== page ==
“Come what may and love it.

“…every life has peaks and shadows and times when it seems that the birds don’t sing and bells don’t ring. Yet in spite of discouragement and adversity, those who are happiest seem to have a way of learning from difficult times, becoming stronger, wiser, and happier as a result.” —Joseph B. Wirthlin

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Having a two-year-old around again has reminded me of that advice. Most days are the absolute best. My mountain seem higher than the clouds. Others, well, I’ve simply had to remind myself to laugh…

“The next time you’re tempted to groan, you might try to laugh instead. It will extend your life and make the lives of all those around you more enjoyable.”

…and “seek for the eternal.”

“Because Jesus Christ suffered greatly, He understands our suffering. He understands our grief. We experience hard things so that we too may have increased compassion and understanding for others.” –Wirthlin

Whatever our lives bring, I hope we can tell ourselves, “Come what may, and love it.” I hope we can laugh at our blunders, at the little frustrations, at the uncomfortable situations. And when our valleys are deep and we are too far down to laugh, may we look up and seek for His help. Only through Him can we be made whole.

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Categories: children, Life Lessons | Tags: , , , , , , , , , , | 8 Comments

You Are Worth So Much More

My dear child. As I watch your big, blue eyes fade in and out of dreams there’s so much I want to tell you. It’s been a long day. Somewhere between spilling your second glass of orange juice at breakfast and your fit in the middle of the yogurt isle at the grocery store you seem to have misplaced that sparkle in your eye. Your block tower really was amazing, probably one of the best I’ve ever seen. I’m sorry that last piece on the top sent it tumbling to the floor. And time-out for teasing your brother isn’t much fun. Believe me, I know. But do you know something?

I love you.

I love you more than you may ever know. You see, your worth to me is so much greater than a silly glass of orange juice or tears in the grocery store. I think it’s fantastic that you like to build towers. Nothing brings a smile to my face like when you run in, beaming with pride as your magnificent creation teeters in the family room. But that’s not why I love you. Your towers scaling the sky will never hold a candle to the worth you are to me. You may have splashed the sudsy water out of the tub and squirted shampoo on the wall, but I don’t love you any less. Bath or no bath, I love you from the tip of your muddy nose to the bottom of your stinky toes.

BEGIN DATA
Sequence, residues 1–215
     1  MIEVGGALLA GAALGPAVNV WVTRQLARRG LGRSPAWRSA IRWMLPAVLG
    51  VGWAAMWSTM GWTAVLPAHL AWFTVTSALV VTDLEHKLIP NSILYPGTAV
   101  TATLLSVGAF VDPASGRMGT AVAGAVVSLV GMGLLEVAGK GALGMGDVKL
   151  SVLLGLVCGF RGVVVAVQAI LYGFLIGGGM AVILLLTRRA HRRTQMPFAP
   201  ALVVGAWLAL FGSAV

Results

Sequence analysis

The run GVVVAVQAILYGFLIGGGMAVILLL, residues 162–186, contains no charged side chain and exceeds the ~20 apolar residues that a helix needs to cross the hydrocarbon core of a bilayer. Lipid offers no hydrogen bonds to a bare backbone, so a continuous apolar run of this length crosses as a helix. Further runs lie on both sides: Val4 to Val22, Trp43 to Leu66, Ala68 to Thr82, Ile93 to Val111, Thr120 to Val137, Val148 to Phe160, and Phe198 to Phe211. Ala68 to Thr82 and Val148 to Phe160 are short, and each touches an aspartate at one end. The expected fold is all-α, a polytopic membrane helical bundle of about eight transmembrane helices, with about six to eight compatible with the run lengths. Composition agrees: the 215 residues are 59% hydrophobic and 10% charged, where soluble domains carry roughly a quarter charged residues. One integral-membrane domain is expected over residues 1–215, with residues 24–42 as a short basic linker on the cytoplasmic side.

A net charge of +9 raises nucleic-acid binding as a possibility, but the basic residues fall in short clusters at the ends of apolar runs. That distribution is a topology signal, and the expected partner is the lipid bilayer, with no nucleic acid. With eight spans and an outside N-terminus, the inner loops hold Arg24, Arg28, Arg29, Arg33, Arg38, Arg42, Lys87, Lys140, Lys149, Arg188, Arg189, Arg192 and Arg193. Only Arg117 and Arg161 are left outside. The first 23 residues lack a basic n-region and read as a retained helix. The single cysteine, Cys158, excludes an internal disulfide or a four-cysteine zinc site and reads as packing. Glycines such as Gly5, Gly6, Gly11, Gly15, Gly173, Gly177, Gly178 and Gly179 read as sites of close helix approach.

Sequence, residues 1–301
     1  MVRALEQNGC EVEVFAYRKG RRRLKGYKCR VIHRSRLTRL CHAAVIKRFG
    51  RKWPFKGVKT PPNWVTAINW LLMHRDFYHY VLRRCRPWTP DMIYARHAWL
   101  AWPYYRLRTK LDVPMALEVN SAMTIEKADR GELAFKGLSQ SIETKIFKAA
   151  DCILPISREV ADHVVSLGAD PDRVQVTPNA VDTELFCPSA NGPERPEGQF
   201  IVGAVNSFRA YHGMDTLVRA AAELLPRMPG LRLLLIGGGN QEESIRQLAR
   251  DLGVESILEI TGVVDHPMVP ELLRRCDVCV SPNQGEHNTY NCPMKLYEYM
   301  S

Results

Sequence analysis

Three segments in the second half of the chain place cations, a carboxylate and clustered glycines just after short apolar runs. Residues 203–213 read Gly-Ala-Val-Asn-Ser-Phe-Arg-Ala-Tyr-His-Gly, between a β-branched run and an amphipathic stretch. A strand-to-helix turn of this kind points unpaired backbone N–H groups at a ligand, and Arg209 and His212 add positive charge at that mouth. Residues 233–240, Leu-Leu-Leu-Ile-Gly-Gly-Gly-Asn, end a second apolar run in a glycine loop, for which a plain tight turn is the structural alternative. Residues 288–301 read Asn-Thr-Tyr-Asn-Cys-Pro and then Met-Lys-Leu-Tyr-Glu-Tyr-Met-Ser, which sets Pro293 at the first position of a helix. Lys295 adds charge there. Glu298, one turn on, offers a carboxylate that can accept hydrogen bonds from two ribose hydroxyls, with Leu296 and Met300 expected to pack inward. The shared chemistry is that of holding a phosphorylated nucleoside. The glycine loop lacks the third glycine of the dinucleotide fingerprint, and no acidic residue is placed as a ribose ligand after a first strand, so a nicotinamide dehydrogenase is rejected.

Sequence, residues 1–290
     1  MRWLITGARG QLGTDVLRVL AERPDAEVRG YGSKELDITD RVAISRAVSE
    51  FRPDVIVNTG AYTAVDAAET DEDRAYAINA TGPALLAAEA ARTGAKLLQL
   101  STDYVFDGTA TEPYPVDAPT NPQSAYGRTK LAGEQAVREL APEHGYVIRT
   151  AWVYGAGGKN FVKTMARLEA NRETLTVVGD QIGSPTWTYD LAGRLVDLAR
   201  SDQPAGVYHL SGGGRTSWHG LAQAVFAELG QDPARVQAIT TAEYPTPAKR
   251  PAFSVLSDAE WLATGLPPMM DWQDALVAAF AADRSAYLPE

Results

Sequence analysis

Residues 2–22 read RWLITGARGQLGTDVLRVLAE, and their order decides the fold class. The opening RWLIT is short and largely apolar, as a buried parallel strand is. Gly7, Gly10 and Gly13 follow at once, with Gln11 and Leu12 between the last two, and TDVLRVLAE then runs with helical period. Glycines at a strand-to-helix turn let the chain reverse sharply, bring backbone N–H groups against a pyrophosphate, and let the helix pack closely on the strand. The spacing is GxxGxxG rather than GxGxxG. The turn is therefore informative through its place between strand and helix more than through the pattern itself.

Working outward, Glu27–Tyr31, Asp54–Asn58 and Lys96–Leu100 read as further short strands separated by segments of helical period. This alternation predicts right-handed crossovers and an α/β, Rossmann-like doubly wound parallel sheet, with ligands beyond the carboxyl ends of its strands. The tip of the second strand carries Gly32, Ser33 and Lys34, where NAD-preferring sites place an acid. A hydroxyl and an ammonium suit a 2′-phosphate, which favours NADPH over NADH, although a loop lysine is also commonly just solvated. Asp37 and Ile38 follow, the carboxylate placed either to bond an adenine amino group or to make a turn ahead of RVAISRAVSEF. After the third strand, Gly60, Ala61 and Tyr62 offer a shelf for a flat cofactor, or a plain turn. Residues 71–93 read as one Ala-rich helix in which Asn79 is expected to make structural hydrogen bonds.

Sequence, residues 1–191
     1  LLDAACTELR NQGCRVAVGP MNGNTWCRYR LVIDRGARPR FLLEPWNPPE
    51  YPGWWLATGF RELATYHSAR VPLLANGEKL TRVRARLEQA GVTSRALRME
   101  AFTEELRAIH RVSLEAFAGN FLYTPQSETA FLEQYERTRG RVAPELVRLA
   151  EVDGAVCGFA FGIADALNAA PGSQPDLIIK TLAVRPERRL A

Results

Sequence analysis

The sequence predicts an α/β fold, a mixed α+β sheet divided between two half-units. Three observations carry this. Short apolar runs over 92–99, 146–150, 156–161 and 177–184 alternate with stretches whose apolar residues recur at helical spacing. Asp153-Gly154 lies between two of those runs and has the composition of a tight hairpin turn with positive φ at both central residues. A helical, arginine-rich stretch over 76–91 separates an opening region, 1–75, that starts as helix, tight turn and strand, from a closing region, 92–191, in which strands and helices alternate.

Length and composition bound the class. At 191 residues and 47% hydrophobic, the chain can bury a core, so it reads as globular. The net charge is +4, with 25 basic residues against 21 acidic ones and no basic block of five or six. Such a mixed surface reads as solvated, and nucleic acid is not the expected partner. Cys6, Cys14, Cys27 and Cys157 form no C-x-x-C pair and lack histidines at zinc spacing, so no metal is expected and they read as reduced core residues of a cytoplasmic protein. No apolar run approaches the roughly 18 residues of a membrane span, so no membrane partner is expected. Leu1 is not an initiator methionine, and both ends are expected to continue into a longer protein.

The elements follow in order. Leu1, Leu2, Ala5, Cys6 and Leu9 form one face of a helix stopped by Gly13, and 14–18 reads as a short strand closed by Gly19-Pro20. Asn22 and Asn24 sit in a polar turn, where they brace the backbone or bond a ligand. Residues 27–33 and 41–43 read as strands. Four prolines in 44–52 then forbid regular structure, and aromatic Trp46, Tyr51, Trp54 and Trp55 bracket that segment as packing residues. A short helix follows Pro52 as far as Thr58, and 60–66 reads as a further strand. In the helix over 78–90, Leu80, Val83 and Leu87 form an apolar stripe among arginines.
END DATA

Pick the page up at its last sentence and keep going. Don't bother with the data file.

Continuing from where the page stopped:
My son, do you realize your worth? Your worth does not hinge on your mistakes. It does not fluctuate each day with your accomplishments. Nothing could measure my love for you. It is infinite, like the stars in the sky. Your worth is great because you are my child. Nothing else matters, because I love you and always will. No matter what. Tomorrow is a bright, new day. When the sun shines through your windows we can try again. But remember, always remember, you are worth that same infinite, incalculable amount. I promise, my love for you will never change.

Love, Mom

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…as my eyes beging to fade in and out of dreams, I can almost imagine I hear a faint whisper…

My dear child. Do YOU know something?

I love you.

Your worth to me is infinite, like the stars in the sky. I don’t measure it by how your hair looks or if you lost your temper today. I love you the same wether or not your toddler throws himself on the tile floors of the grocery store in a fit for all to see. Your worth does not hinge on how spotless your kitchen is, nor does it diminish when you don’t feel like you could even compare to the other moms who have it all together. Nothing could measure my love for you. Your worth is great because you are my child. Nothing else matters, because I love you and always will, no matter what. Tomorrow is a bright, new day. When the sun shines through your windows we can try again. But remember, always remember, you are worth that same infinite, incalculable amount. I promise, my love for you will never change.

Love, God

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Categories: children | Tags: , , , , , , | 17 Comments